Several disciplines, among them economics, political economy, philosophy, ethics, and, as of the late twentieth century, sociology, anthropology, and geography, rely on the notion of a market to establish a nexus between those who wish to purchase a commodity and those seeking its sale at a mutually acceptable price or exchange value. While specialists in the latter three fields concern themselves with markets in the sense of trading places observable in the less developed economies of the world, modern economists are principally concerned with an explanation of pricing under different market conditions. For the philosophers of Greece, in particular Aristotle, exchanging an article for money was considered “unnatural.” In Politics he observed that there is a double way of using every article. “There is its wear as a shoe and there is its use as an article of exchange” (I.9, 1977, pp. 39–41). The “natural” use of an article is for consumption, while its exchange for money is an improper or “unnatural” use. Clearly, the distinction the philosophers made between value in use and value in exchange in a market is a reflection of the contempt they had for mercantile activities.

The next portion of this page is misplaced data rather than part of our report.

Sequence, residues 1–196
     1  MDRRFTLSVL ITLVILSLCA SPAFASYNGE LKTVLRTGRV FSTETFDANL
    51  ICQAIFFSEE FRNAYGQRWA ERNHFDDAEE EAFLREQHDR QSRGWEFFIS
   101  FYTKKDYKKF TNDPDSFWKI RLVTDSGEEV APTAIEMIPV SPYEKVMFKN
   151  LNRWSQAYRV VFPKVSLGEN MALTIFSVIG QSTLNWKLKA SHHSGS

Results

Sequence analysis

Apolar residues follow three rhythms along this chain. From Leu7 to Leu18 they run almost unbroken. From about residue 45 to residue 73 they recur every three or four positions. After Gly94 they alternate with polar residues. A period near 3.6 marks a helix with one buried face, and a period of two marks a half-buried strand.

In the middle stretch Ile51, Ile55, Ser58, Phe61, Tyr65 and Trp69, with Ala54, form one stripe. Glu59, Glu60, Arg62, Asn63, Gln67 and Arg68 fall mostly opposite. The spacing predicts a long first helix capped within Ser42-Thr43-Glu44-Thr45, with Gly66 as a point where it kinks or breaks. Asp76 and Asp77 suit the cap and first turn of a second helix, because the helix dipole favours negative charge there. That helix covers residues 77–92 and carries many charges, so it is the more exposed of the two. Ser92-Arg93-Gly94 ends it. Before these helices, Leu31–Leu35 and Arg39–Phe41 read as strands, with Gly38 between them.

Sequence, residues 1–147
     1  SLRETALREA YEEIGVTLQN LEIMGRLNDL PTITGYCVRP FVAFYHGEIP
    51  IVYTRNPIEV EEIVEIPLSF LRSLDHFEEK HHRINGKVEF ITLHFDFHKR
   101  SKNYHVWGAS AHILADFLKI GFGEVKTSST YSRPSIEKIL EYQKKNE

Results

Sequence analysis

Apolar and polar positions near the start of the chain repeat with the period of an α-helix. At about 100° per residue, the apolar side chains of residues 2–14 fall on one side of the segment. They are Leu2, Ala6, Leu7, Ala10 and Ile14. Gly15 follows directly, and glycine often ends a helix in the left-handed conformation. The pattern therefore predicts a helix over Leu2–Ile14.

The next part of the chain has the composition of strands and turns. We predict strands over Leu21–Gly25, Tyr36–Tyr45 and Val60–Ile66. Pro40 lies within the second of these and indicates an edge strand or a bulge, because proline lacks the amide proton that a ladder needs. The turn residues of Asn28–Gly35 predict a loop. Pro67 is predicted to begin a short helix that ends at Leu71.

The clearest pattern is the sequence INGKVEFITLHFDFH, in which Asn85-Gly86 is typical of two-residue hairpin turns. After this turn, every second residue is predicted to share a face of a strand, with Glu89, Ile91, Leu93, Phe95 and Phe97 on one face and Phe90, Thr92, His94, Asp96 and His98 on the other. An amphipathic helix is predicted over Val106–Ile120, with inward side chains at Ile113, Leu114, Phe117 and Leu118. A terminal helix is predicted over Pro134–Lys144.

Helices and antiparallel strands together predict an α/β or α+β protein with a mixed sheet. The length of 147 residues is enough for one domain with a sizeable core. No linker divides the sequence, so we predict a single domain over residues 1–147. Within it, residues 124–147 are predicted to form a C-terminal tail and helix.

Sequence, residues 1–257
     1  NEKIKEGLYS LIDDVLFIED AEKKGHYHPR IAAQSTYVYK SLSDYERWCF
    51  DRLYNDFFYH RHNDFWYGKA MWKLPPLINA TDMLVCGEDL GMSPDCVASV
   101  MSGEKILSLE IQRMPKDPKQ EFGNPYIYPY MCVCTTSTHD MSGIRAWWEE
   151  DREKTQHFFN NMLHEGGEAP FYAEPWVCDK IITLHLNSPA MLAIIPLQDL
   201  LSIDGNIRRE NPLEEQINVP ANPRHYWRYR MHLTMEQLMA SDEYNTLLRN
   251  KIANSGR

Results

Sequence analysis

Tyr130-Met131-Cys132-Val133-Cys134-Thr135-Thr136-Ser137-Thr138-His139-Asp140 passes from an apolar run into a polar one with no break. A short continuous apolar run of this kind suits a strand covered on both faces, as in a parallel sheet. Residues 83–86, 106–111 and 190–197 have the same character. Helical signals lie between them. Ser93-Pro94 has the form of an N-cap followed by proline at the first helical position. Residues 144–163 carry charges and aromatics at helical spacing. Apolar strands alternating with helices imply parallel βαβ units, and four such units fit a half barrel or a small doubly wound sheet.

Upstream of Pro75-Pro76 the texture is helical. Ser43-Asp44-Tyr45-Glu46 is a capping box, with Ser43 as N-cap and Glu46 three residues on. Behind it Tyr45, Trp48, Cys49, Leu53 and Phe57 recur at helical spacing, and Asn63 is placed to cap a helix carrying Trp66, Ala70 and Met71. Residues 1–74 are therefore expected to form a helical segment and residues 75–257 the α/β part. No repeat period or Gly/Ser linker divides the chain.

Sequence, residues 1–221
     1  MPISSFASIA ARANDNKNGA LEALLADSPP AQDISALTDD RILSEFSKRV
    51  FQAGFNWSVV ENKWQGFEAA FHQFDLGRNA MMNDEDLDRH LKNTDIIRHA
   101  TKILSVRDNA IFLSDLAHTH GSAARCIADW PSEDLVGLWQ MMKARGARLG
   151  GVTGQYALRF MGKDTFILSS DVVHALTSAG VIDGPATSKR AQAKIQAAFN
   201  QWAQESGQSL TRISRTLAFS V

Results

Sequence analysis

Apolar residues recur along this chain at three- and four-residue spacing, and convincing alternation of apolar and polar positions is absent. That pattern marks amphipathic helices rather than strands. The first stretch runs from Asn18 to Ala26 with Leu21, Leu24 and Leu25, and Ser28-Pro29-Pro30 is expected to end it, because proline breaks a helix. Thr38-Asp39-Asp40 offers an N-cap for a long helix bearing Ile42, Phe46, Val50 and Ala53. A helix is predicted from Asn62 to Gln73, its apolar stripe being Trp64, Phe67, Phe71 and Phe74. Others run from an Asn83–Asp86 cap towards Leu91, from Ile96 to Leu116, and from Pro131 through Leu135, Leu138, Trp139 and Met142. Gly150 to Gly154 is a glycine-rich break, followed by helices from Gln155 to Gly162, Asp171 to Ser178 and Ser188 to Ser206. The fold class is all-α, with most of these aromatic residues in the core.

The influence of the Greek philosophers on intellectual thought and human behavior was eclipsed by the fall of the Roman Empire in 476 CE. Their teachings were not rediscovered until translations were made from Aramaic sources by early Christian scholars in the twelfth and thirteenth centuries. Church scholars (the Scholastics) reinterpreted Greek ethics and philosophy to meld them with the Catholic Church’s doctrines, including that of the “just price” as the market outcome that results from the moral behavior of both buyers and sellers, so that the resulting exchange value serves the common good. The central role of the “just price” derives from the papal bull Unam Sanctum (1302), enunciated by Pope Boniface VIII, which not only reflects the authority of Christian doctrine, but also implies the political priority of the state, vis-à-vis the family and the individual. Throughout the Middle Ages the dominant perspective about human behavior was that it should be guided by the goal of salvation.